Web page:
Green hydrogen is better than blue for both cost and emissions, says study
Researchers from an Australian study underscore that using fossil fuels to make H2 is highly polluting.
Green hydrogen produced using processes powered by renewable energy such as solar and wind is less expensive than blue H2 produced using fossil fuels and carbon capture and storage technology, say researchers from the Australian National University (ANU).
The researchers published a paper in which they compared the financial and environmental costs.
The paper was published in the Applied Energy peer-reviewed engineering journal. In it, they stated that both the emissions and financial costs from producing H2 using fossil fuels and storing captured carbon emissions was greater than that of producing green hydrogen with renewable energy.
This cost comparison is an interesting one as one of the most significant barriers to renewable H2 adoption is that it is viewed as more expensive to produce than forms made using fossil fuel such as natural gas, followed by carbon capture and storage (CCS) to help control the resulting greenhouse gas emissions. Many countries that have hydrogen plans have been focusing on blue H2 for this reason. Australia’s former chief scientist Dr. Alan Finkel endorsed the use of blue H2 as a path to building industrial capability.
ANU researchers found other substantial drawbacks in blue H2 over green hydrogen.
The ANU researchers said that even with CCS, blue H2 produced using fossil fuels would still cause “substantial” greenhouse gas emissions. They determined that current estimates show that CCS fails to capture methane emissions. That greenhouse gas is notably more potent than CO2 and is emitted in large amounts during natural gas extraction.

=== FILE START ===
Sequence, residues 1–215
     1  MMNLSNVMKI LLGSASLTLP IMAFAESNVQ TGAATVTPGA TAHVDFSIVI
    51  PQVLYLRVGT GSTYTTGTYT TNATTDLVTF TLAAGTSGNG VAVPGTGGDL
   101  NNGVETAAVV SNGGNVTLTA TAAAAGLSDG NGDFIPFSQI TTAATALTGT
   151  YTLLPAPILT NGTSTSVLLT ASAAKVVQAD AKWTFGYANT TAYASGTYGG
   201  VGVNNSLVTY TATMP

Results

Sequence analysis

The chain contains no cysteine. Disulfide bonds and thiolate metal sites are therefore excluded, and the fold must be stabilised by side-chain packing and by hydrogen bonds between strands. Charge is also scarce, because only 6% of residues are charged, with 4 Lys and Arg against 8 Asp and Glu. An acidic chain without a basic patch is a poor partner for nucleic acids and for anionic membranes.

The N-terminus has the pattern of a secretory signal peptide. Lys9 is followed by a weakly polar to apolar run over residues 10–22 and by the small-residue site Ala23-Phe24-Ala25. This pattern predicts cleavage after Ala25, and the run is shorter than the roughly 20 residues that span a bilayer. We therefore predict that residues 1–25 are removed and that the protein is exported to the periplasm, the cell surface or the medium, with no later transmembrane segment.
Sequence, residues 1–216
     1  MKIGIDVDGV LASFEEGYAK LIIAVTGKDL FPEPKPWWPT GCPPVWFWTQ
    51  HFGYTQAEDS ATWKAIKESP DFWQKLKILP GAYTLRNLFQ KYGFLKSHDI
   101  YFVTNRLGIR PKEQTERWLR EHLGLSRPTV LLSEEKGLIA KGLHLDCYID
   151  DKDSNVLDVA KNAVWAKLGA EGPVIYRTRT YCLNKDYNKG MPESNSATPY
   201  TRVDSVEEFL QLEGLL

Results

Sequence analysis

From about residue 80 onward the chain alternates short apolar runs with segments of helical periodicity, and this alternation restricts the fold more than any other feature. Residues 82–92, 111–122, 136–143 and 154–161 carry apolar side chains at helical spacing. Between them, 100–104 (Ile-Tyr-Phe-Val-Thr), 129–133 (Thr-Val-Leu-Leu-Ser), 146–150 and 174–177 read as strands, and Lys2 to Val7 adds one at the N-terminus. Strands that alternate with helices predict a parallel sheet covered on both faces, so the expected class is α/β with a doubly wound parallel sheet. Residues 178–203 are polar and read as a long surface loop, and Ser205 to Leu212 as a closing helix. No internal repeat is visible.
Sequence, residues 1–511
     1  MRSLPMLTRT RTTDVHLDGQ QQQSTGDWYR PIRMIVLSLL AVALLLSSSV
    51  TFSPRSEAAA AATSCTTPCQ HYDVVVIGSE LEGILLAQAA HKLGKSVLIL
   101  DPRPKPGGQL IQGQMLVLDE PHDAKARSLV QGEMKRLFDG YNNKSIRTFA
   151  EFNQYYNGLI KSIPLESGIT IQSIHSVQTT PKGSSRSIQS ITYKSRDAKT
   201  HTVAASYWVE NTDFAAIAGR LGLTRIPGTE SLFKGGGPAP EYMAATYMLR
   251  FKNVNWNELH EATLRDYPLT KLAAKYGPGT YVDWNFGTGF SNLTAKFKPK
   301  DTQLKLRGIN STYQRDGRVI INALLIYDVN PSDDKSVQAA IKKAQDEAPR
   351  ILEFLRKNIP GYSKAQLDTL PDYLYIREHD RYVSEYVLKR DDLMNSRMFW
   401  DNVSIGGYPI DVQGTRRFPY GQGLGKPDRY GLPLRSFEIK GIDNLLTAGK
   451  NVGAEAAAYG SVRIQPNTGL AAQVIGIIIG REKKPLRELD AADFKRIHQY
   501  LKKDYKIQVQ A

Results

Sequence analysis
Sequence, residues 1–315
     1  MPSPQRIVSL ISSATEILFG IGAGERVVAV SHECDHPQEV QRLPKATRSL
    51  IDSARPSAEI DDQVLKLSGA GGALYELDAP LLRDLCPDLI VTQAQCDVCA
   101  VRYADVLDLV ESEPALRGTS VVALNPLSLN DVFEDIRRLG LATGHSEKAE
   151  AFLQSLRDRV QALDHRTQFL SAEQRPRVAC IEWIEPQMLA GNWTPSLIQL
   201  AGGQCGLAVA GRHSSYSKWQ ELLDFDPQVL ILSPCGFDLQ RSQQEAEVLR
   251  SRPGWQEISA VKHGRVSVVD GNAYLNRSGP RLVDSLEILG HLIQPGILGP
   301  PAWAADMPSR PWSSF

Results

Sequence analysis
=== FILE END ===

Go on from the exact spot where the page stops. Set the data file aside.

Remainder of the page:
As those emissions are not captured by CCS, the methane emissions would continue rising due to the extraction of the natural gas. Moreover, because the production of H2 using natural gas is not fully efficient, it requires more gas to produce the H2 than would be needed to simply burn the natural gas as a fuel in the first place. The researchers stated that these emissions will only continue rising as extraction increases to meet export market needs.
On the financial side, the researchers stated that blue H2 using CCS becomes more expensive as a facility approaches 90 percent emissions capture, because it gets harder to capture CO2 as its concentrations lower. However, green hydrogen is reducing in cost – something the researchers expect to continue quite quickly with rising demand – to the point that researchers see a far greater financial incentive to invest in green over blue.